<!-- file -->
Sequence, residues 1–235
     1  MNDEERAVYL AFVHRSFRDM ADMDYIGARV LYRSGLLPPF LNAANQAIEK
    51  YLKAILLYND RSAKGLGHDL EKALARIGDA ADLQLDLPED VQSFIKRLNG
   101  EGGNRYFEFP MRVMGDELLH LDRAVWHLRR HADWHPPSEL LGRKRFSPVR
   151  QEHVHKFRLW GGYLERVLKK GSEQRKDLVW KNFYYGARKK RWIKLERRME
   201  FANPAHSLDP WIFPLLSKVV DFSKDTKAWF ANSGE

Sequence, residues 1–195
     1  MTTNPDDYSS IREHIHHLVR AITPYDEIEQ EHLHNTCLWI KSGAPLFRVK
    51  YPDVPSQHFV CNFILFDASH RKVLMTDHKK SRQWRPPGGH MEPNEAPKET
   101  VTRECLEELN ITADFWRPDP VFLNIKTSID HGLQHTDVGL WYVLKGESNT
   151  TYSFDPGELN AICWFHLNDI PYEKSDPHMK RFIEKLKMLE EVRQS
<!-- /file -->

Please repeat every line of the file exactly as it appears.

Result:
Sequence, residues 1–235
     1  MNDEERAVYL AFVHRSFRDM ADMDYIGARV LYRSGLLPPF LNAANQAIEK
    51  YLKAILLYND RSAKGLGHDL EKALARIGDA ADLQLDLPED VQSFIKRLNG
   101  EGGNRYFEFP MRVMGDELLH LDRAVWHLRR HADWHPPSEL LGRKRFSPVR
   151  QEHVHKFRLW GGYLERVLKK GSEQRKDLVW KNFYYGARKK RWIKLERRME
   201  FANPAHSLDP WIFPLLSKVV DFSKDTKAWF ANSGE

Sequence, residues 1–195
     1  MTTNPDDYSS IREHIHHLVR AITPYDEIEQ EHLHNTCLWI KSGAPLFRVK
    51  YPDVPSQHFV CNFILFDASH RKVLMTDHKK SRQWRPPGGH MEPNEAPKET
   101  VTRECLEELN ITADFWRPDP VFLNIKTSID HGLQHTDVGL WYVLKGESNT
   151  TYSFDPGELN AICWFHLNDI PYEKSDPHMK RFIEKLKMLE EVRQS